Date registered: Sep 2004
Vehicle: 2014 E250 Bluetec 4-Matic, 1983 240D 4-Speed
Mentioned: 3 Post(s)
Quoted: 256 Post(s)
Well, I guess you have to start somewhere, and as long as more people living in the area realize the presence of such weapons endangers the lives of their loved ones, maybe the Iraqis themselves can regain control of their lands. But, touting what was found as a large weapons cache is a bit of an exaggeration, isn't it?
The next paragraphs in the article note only some of the materials needed to make the EFP's, estimated to be enough for 150 or so of those items, were found, along with a single completed bomb. That, along with more than two dozen mortars and 15 rockets. See below for the article's actual wording. I think it may have been more useful to watch the cache to find out who was working on assembling those bombs, who was supplying the raw materials, and especially the copper discs. Given what the items are actually made from, what about these parts is uniquely from Iran?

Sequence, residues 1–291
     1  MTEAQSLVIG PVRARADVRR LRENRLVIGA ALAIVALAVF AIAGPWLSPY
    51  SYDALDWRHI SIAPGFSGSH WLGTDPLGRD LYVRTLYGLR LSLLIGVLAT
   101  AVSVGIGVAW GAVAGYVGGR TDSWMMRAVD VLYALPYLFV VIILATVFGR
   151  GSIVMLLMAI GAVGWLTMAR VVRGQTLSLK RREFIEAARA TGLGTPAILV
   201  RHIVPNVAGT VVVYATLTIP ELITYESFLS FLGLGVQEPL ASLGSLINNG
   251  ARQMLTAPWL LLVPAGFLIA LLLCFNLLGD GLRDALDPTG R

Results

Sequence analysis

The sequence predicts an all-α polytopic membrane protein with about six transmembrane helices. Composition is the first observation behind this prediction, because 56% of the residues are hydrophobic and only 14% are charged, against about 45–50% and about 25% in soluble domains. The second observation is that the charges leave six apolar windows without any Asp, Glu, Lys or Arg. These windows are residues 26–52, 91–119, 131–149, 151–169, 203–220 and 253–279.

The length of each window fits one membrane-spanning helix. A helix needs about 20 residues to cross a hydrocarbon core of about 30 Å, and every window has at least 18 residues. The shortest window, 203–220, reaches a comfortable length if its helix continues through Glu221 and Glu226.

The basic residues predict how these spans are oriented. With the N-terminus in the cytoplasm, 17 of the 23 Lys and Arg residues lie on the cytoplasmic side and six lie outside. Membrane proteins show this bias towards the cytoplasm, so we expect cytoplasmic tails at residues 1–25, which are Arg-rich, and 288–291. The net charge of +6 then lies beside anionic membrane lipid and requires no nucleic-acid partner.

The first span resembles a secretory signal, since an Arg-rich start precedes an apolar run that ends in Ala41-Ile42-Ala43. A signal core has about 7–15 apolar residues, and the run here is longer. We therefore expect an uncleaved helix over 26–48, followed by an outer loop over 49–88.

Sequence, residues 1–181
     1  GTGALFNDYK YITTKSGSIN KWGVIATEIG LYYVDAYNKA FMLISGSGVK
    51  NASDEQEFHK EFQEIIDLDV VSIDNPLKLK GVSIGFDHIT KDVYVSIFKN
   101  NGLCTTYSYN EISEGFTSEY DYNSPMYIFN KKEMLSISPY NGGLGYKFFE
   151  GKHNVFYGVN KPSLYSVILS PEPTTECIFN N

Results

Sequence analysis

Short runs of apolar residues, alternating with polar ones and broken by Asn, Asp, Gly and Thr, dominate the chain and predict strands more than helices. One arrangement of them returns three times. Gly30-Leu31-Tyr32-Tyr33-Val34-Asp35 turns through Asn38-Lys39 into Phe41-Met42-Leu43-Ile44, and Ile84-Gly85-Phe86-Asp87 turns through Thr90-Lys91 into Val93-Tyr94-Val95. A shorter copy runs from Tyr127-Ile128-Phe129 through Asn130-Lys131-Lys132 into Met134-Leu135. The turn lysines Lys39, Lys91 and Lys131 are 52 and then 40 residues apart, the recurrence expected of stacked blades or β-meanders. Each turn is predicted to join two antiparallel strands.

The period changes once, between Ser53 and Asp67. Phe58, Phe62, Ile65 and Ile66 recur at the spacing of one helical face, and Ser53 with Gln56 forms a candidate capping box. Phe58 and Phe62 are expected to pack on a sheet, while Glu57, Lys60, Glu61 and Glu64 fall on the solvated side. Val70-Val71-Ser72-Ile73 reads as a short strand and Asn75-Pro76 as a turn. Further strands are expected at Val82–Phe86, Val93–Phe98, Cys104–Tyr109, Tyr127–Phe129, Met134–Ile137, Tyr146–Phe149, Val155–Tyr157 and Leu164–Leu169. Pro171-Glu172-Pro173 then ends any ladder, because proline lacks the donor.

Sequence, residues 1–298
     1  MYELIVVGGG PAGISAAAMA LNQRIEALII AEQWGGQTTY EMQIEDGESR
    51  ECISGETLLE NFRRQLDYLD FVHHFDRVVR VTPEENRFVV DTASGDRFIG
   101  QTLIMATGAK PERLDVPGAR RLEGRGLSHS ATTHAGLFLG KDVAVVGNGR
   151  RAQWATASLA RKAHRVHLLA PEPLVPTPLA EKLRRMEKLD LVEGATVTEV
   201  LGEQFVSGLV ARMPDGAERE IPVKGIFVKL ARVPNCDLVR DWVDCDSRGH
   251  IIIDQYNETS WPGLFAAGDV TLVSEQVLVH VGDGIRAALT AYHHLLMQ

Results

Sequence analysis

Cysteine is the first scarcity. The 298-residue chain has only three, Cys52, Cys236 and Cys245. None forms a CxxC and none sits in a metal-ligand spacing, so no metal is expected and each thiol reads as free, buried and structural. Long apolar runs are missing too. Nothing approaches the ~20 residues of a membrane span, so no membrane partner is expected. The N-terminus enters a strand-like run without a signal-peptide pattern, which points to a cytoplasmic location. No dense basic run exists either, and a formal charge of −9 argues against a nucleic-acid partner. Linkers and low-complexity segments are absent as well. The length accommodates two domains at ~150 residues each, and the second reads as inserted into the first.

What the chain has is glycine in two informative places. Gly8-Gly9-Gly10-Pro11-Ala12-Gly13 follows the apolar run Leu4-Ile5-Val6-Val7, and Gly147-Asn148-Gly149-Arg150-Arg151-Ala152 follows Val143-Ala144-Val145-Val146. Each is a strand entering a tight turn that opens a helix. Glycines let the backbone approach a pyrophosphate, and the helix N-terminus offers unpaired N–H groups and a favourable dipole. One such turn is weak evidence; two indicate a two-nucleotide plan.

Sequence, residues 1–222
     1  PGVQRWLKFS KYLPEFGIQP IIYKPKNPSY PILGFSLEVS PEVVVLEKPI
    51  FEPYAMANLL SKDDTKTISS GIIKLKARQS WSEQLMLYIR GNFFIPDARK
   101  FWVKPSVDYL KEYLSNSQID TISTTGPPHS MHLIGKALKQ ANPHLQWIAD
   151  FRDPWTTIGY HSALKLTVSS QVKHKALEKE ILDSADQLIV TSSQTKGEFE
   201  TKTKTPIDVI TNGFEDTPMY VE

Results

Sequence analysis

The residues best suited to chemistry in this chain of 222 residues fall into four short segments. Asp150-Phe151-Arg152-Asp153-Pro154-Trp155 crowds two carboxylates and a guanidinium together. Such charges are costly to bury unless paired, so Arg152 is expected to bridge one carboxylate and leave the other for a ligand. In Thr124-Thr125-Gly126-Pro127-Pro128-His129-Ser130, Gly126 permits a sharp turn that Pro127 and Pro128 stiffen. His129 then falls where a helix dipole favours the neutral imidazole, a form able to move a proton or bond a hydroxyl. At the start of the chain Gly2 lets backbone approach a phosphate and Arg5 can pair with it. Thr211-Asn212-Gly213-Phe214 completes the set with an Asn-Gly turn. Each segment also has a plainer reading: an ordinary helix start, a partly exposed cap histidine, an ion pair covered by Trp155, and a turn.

"Along with the EFPs, the weapons cache contained more than two dozen mortars and 15 rockets. There were enough metal disks to make 130 EFPs, the military said.
The origin of the weapons seized Saturday was being investigated, said Lt. Col. Michael Donnelly, spokesman for Multinational Division-North.
"This local tip led to what is the most potentially lethal IED cache seized in northern Iraq in the past eight months," Donnelly said.
The weapons were discovered under tarpaulins and in two large freezers and a water tank buried in a palm grove. One completed bomb was found as well as around 150 copper discs — the key component of EFPs — rolls of electrical wire, plastic pipes to use as casings, ball-bearings and batteries.
One U.S. official said the use of a narrow tube attached to the bomb as a simple sighting-device to aim it was characteristic of Iranian-linked devices used by militant group Hezbollah in Lebanon in recent years. "